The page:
Low Cataract Surgical Coverage for Women in El Salvador

Tuesday, April 21, 2015: 1:21 PM
Room 5A (San Diego Convention Center)
Daniel J. Luther, BS
Susan MacDonald, MD

Women in middle and low-income nations are reportedly less likely than men to undergo cataract surgery. Relevant literature from Latin America is scarce, and we studied whether women at an international clinic in El Salvador received cataract surgery at a rate appropriate to cataract prevalence and severity.

In this retrospective study, medical records of 2698 patients presenting to an annual eye campaign in El Salvador between 2012-2014 were reviewed for physician documentation of cataract and completion of cataract surgery. Gender, age, reading ability, eye involvement, and visual acuity were recorded for all cataract patients. Cataract patients were stratified by gender and visual acuity, and the relative risk of each subgroup was calculated. Logistic regression was used to model whether combinations of age, gender, reading ability, and visual acuity could accurately predict cataract surgery in this population.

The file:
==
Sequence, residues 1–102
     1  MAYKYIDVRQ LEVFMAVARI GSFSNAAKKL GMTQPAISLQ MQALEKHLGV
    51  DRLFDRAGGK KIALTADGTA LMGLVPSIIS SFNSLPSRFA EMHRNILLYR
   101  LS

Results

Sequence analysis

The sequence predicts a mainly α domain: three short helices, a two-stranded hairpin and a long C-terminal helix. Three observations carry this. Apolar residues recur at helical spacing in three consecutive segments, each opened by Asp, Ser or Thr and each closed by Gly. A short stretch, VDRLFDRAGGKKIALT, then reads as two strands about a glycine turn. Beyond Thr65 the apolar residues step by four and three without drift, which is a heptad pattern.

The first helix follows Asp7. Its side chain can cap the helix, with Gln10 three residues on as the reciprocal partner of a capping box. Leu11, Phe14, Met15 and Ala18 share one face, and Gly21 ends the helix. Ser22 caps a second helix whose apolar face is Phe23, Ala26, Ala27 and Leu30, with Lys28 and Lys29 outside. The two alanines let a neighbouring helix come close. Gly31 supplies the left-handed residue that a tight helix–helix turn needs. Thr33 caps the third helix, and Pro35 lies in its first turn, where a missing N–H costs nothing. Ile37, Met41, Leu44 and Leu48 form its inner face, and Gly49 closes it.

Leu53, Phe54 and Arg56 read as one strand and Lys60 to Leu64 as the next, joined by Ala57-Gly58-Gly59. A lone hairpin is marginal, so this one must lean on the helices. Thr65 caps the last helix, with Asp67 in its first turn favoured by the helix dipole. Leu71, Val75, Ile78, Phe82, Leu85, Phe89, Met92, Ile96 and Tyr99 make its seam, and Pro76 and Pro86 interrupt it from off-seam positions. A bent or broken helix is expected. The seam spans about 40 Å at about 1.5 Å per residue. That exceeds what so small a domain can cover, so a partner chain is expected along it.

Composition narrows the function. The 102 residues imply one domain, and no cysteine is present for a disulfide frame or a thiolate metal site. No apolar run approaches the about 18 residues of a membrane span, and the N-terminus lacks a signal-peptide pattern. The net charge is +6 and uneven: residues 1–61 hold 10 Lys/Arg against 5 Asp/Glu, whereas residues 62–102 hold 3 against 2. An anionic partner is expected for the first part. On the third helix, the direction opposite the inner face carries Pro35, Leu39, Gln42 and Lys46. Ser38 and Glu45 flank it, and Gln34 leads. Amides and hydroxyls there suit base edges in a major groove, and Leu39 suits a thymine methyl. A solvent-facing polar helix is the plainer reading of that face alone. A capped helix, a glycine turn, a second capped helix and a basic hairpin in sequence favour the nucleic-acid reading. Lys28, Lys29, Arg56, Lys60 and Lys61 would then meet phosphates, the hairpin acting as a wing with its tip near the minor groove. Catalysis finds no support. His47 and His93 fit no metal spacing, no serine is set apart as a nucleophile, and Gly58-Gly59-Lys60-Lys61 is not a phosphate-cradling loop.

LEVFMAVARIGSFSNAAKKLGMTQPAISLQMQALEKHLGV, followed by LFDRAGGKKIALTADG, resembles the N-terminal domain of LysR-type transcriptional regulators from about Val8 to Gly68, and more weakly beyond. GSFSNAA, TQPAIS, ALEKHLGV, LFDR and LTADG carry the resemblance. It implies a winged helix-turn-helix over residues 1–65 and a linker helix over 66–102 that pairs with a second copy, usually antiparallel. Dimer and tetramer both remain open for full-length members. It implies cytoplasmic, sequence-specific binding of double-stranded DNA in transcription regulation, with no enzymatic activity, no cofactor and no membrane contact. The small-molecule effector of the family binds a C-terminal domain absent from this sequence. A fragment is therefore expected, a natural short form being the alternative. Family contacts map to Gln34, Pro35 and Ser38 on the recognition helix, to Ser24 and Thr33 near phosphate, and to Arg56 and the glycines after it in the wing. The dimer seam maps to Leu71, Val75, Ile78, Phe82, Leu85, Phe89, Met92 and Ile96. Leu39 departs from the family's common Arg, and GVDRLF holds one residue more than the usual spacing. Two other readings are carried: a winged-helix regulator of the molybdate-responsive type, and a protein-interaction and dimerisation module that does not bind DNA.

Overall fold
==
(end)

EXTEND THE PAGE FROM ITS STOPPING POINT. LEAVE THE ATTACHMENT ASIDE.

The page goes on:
Women with cataract were 19% less likely (RR=0.81, p=0.11) to receive cataract surgery relative to men. Surgical likelihood was equivalent only for profoundly visually impaired women. Women represented 61.0% of all cataract patients, and 56.1-64.8% at any given level of visual impairment. Women comprised 55.9% of cataract surgical cases. The mean age for all cataract patients was 66.53±0.82 (95% CI), and did not differ significantly by gender. However, when stratified by WHO visual impairment, moderately impaired women were significantly younger than similarly impaired men. On logistic regression, visual acuity was the only statistically significant predictor of cataract surgery.

Women carry a higher cataract burden, yet are less likely to undergo surgery in this setting. Confirmation of previously reported trends is unexpected at this clinic given female leadership, associated female-heath and empowerment programs, and US physician participation. Methods to objectively allocate limited resources are needed.